Twenty-Something Theatre & SFU Woodward’s
Prodigals by Sean Minogue

Dates and Venue 5 – 14 May 2011, Tues – Sat at 8 pm (with previews on May 3 & 4) | SFU Woodward's, Studio T at Goldcorp Centre for the Arts, 149 W. Hastings

Director Peter Boychuk Lighting Design Heather Lamb& Jonathan Tsang Set Design Jonathan Tsang Cotsume Design Jane Sanden Stage Manager Aliya Rozenberg

Reviewer John Jane

Prodigals, Sean Minogue’s first ever play, set in a winter in roughly present time revolves around a group of chums who have known one another since high school in a small north-west Ontario town (the playwright uses his former home, Sault Ste. Marie, but the story could take place anywhere). They frequently get together for a beer at Fratesi’s neighbourhood sports bar. It’s the kind of bar that could be found in any corner of Canada that might have television sets at all viewing points broadcasting a live hockey game – only this bar doesn’t have any TV.

They seem to have “loser” written all over them. Unemployed Greg (Jameson Parker) wears an imaginary “L” on his forehead like a badge of honour. As Greg, Parker gets most of the best lines and his penchant for physical comedy carries the play for the first twenty minutes. Nips (Brandyn Eddy) is stuck in a dead-end job yet seems accepting of his prosaic existence in a small town. The extent of his ambitions is to have his girlfriend Jen (Tara Pratt) move in with him. Their complacent world is turned into turmoil when Jen’s ‘ex’ Wesley (Timothy Johnston) turns up in town for the first time since leaving for a preferred life in Toronto five years earlier. Wesley has returned to the “Soo” to act as a character witness for Benny at his trial. But since he has scant regard for the man who stands accused of beating another man to death, we are free to assume he has the less obvious motive of reconnecting with Jen.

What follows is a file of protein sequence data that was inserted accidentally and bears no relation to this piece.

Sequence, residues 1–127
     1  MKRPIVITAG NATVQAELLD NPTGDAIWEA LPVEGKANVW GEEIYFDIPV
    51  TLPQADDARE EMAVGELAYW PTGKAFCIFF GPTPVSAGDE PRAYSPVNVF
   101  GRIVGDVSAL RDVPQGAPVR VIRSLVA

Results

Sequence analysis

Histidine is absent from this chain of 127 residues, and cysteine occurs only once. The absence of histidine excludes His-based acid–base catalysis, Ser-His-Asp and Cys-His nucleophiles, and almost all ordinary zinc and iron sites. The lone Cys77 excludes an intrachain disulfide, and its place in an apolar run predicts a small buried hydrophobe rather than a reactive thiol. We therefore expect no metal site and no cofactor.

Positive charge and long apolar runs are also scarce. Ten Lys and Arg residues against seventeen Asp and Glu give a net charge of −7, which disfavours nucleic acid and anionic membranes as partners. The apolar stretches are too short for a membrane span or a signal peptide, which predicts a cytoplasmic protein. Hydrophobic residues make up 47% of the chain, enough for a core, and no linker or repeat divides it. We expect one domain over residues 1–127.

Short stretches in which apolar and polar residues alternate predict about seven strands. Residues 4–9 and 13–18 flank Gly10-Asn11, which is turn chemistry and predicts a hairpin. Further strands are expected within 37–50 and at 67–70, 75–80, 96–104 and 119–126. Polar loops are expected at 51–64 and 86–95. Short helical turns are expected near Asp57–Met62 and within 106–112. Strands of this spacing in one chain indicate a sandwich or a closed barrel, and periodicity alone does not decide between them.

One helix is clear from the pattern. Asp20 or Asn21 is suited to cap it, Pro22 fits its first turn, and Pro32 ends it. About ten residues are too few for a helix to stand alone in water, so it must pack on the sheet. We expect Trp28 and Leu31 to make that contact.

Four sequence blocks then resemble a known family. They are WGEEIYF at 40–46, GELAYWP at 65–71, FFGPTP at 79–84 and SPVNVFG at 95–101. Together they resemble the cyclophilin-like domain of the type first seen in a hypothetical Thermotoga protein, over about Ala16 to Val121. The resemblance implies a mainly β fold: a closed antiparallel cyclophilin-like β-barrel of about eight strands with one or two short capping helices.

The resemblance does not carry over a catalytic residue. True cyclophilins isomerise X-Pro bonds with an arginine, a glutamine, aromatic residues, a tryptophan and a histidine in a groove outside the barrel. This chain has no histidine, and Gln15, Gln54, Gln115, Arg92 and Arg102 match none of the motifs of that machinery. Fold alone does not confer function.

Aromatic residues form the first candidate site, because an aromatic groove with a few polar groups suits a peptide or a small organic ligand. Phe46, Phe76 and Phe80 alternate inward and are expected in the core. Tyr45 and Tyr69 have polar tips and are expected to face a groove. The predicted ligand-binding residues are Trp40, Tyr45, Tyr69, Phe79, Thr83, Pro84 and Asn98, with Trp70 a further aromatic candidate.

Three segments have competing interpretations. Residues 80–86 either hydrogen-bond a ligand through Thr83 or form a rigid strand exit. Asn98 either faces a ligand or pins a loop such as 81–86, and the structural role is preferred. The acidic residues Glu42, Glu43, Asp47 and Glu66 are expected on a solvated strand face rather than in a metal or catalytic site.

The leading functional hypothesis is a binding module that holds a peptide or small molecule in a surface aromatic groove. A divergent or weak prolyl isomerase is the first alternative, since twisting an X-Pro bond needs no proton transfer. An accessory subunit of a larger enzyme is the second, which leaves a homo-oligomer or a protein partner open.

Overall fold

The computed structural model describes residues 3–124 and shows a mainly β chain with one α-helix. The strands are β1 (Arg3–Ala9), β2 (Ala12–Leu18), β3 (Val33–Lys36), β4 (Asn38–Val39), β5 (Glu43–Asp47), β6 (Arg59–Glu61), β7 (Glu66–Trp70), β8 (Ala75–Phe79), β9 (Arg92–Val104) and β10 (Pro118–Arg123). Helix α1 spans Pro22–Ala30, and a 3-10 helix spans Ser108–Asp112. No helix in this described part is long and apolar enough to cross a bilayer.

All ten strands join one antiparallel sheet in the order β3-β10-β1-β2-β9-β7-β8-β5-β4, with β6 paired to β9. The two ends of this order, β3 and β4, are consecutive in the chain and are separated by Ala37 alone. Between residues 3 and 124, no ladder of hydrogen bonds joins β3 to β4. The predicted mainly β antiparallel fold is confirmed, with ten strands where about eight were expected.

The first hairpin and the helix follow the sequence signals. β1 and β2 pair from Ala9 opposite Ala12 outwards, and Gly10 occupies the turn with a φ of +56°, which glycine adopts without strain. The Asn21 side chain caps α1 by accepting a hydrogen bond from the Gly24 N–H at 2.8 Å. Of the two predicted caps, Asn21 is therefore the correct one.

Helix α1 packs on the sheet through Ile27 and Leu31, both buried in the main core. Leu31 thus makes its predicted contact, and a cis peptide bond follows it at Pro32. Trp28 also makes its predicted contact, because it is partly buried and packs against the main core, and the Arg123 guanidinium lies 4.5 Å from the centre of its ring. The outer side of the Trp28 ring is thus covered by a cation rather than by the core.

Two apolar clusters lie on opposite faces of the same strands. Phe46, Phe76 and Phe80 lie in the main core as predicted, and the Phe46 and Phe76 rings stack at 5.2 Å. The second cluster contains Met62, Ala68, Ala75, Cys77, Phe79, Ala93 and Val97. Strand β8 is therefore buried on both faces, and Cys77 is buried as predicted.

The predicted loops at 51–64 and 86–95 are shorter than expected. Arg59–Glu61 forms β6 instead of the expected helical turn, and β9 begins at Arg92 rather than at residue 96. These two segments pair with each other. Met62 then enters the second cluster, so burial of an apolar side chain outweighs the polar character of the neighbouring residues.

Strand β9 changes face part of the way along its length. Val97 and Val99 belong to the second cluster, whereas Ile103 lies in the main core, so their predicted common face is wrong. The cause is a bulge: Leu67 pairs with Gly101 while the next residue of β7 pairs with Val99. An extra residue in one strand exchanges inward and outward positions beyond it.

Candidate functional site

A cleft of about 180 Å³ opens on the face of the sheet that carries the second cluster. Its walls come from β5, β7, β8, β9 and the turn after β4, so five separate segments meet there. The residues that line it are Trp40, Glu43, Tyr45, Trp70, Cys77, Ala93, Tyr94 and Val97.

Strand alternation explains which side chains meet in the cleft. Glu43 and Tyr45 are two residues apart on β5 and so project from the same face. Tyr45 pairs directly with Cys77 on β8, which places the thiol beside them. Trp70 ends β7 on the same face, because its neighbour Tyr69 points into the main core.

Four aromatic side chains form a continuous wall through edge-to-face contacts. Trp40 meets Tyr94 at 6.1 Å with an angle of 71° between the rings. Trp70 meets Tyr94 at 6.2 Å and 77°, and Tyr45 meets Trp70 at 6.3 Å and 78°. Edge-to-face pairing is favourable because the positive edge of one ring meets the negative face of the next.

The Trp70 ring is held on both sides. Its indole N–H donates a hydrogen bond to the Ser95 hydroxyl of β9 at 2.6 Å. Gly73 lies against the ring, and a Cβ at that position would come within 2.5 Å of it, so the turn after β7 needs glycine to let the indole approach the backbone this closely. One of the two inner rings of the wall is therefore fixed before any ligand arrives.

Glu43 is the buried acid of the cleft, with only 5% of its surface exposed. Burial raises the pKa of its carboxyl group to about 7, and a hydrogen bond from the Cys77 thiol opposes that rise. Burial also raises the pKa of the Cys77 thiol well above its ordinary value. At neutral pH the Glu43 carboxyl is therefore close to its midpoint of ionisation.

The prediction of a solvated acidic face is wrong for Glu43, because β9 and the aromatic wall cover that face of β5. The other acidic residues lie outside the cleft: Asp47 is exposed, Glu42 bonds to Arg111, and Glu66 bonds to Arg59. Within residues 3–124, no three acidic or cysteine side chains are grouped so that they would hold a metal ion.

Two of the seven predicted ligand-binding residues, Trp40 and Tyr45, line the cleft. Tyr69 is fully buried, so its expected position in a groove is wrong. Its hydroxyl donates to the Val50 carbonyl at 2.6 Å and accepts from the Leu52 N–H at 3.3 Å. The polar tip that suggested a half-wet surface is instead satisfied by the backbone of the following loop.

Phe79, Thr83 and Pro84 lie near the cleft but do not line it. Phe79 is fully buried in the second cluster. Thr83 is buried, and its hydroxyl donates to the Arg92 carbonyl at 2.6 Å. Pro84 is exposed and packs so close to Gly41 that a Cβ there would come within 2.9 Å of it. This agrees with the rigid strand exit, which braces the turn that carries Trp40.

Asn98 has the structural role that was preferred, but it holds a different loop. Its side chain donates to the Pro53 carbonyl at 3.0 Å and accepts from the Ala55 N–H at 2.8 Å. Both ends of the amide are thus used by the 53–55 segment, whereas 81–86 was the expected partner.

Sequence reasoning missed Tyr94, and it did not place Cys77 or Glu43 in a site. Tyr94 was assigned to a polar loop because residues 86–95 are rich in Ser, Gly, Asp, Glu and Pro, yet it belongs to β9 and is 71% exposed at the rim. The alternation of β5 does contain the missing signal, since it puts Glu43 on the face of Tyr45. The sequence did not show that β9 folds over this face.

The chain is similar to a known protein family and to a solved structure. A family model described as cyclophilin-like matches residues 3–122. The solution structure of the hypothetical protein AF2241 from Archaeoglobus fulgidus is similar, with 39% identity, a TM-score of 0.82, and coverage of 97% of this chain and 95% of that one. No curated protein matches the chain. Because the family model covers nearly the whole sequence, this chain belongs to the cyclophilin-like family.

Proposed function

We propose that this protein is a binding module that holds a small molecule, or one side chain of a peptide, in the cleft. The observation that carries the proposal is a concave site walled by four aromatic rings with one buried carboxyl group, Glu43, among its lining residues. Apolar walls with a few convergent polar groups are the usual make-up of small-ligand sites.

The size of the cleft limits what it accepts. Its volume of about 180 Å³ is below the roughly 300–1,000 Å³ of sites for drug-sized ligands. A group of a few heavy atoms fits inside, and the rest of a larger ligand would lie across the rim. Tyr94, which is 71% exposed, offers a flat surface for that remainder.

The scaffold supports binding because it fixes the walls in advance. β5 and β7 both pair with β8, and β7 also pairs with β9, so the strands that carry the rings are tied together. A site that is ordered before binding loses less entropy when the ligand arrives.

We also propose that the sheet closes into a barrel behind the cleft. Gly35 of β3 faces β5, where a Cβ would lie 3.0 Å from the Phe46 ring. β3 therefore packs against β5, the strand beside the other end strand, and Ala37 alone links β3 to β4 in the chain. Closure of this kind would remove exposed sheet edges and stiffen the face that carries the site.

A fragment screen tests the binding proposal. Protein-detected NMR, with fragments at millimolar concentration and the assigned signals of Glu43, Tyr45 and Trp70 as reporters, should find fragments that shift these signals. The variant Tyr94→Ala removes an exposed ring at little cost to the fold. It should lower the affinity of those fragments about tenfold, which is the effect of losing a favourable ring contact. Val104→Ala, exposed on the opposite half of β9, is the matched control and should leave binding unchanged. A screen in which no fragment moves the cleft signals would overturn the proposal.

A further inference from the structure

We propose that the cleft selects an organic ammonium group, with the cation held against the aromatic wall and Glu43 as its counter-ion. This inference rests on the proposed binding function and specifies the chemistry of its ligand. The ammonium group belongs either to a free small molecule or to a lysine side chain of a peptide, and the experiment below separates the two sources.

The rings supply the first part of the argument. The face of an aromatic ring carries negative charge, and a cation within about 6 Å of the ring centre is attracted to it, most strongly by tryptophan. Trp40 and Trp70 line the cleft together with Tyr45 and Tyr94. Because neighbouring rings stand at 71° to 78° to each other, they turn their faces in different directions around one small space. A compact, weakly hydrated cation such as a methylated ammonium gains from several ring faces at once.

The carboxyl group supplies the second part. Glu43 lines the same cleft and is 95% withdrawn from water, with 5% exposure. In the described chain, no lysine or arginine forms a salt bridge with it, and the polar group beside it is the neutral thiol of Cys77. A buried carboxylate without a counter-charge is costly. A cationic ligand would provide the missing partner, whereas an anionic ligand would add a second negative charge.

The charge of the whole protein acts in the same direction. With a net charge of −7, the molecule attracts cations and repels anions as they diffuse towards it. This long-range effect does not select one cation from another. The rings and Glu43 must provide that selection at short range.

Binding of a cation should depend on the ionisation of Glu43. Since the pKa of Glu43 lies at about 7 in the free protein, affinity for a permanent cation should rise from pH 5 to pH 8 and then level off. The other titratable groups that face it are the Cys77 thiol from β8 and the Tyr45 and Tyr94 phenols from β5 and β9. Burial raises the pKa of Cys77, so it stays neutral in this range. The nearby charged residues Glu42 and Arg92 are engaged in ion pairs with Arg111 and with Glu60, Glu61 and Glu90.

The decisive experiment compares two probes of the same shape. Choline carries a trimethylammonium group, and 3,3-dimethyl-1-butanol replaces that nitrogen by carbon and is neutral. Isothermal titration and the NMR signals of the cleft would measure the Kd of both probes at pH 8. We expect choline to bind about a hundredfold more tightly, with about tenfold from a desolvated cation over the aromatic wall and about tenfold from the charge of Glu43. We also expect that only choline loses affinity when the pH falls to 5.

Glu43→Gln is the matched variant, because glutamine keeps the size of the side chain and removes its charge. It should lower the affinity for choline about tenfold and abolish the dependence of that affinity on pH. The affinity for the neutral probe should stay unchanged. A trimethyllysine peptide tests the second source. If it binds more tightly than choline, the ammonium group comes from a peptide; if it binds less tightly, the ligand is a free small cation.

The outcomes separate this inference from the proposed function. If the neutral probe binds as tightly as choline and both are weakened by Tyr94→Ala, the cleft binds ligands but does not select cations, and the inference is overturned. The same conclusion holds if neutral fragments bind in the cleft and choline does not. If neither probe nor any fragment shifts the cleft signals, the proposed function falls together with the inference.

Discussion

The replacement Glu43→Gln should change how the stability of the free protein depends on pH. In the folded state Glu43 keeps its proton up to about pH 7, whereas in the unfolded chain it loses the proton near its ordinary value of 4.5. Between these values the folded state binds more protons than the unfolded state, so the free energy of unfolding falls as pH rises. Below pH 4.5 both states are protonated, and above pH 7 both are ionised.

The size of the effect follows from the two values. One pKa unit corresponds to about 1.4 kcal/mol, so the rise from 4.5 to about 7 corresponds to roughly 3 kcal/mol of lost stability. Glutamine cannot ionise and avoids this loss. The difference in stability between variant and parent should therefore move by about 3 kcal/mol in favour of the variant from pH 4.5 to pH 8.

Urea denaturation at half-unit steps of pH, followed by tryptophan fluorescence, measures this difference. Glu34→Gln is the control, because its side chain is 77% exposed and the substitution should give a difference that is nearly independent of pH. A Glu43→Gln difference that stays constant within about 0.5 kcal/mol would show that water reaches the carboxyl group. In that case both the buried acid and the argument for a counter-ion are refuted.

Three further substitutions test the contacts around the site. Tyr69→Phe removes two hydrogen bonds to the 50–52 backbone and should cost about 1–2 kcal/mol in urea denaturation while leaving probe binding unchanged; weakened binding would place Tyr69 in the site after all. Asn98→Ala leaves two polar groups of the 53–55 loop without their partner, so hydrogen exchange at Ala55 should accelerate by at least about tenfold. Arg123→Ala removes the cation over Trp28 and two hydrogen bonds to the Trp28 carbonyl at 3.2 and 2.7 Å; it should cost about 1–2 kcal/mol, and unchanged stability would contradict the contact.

Conventional wisdom would dictate that she should stay with the honest guy who loves her than the jerk who treated her badly and turns up again out of the blue, but love and lust in a small town is more complicated than that.

While Benny is central to the play’s back-story and a useful device for giving the gang common ground, he remains an off-stage character throughout. His sister Nina (Kirsten Kilburn) and her feckless husband Eliot (Aslam Husain) are de facto advocates who want to blame everyone else including the court prosecutor for his predicament.

Kilburn and Husain work well together and are credible as inimical mates even when they aren’t on stage at the same time. Johnston is only partly successful in portraying Wesley as a player attempting to win over Jen. Tara Pratt arguably has the most to do as the compassionate manager of Fratesi’s bar and generally does it well. She and Jameson Parker are the show’s standouts.

Dramaturge and director Peter Boychuk keeps things moving at a sensible pace. So much so, that I didn’t even notice there was no intermission until the last scene. Set designer Jonathan Tsang’s clever arrangement of a realistic single set allows for on-stage action taking place inside and outside the bar.

After this foray, Sean Minogue looks like a natural. I look forward to seeing what he comes up with for his second attempt.

© 2011 John Jane